Personal life and death
Easton married only once, to June Bettine Grimstead of Grimsby, Lincolnshire, England. Wed in 1961, the couple remained together for 44 years until June’s death in 2005. The couple did not have any children together. Easton informally adopted Heather after June’s death.
An avid book collector in a wide range of topics and a lifelong researcher of language, Easton amassed an extensive personal library of historical pamphlets, scientific journals, and other imprints, including over 100,000 volumes that ranged in publication dates from the 16th through the 20th century. The library finally became so large that it outgrew the space available in their 24 room home in Pasadena. He and his wife found a home in Toluca Lake in Los Angeles, California, with a tennis court, removed the court and replaced it with a two-story structure to house the collection.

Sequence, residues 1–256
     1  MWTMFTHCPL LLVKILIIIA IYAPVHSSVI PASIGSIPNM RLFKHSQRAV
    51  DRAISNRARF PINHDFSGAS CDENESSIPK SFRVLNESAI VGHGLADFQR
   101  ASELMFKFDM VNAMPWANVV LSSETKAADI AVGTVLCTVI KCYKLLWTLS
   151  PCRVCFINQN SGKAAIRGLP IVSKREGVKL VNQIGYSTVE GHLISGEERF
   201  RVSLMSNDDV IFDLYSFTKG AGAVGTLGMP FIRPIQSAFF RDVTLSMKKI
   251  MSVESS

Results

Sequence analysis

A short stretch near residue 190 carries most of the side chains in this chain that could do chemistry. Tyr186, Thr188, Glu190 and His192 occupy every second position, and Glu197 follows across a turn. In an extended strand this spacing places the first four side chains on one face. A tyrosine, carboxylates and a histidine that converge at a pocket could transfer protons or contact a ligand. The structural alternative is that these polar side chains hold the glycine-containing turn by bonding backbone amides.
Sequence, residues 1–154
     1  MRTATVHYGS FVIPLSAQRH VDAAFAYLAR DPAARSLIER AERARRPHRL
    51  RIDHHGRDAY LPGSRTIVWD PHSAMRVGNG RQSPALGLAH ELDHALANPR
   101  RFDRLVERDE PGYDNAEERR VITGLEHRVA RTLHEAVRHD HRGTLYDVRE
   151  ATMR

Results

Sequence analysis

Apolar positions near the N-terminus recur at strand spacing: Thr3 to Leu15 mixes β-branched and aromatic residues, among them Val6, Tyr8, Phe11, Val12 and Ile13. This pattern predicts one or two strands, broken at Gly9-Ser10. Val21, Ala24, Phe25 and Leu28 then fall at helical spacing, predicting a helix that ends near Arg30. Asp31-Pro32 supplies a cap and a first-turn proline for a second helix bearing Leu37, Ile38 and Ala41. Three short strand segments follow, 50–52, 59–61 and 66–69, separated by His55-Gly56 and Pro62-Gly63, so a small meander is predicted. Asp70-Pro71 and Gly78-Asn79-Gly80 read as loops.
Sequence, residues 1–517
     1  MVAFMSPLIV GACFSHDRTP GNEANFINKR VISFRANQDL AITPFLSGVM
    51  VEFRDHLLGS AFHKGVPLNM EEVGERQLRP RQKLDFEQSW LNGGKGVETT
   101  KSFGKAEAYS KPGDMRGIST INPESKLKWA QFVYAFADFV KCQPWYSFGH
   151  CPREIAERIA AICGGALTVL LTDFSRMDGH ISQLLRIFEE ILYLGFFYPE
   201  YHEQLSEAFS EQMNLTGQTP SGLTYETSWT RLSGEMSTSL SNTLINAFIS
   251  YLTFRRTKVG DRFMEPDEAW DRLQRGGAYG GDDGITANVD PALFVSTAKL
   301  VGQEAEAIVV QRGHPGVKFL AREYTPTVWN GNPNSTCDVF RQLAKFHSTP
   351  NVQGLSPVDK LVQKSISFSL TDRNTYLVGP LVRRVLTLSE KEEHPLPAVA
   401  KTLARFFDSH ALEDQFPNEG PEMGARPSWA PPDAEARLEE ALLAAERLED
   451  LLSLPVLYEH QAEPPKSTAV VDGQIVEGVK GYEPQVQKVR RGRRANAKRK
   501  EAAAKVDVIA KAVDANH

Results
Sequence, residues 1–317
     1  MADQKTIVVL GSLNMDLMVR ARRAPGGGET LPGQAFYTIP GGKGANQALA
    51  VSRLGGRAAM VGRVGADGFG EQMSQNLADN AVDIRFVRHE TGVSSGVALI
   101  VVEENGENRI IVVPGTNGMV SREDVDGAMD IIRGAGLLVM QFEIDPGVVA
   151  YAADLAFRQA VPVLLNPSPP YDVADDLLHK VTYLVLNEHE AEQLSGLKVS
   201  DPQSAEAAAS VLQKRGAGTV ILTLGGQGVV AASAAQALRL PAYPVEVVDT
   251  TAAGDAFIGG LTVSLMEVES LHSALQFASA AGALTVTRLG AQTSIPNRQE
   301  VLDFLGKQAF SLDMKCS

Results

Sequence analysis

On December 16, 2011, Easton died at age 81 at his Toluca Lake home. His body, in accordance with his wishes, was cremated. Four years after Easton’s death, his substantial personal library was sold in two installments – in the summer and fall of 2015 – by Addison & Sarova Auctioneers of Macon, Georgia.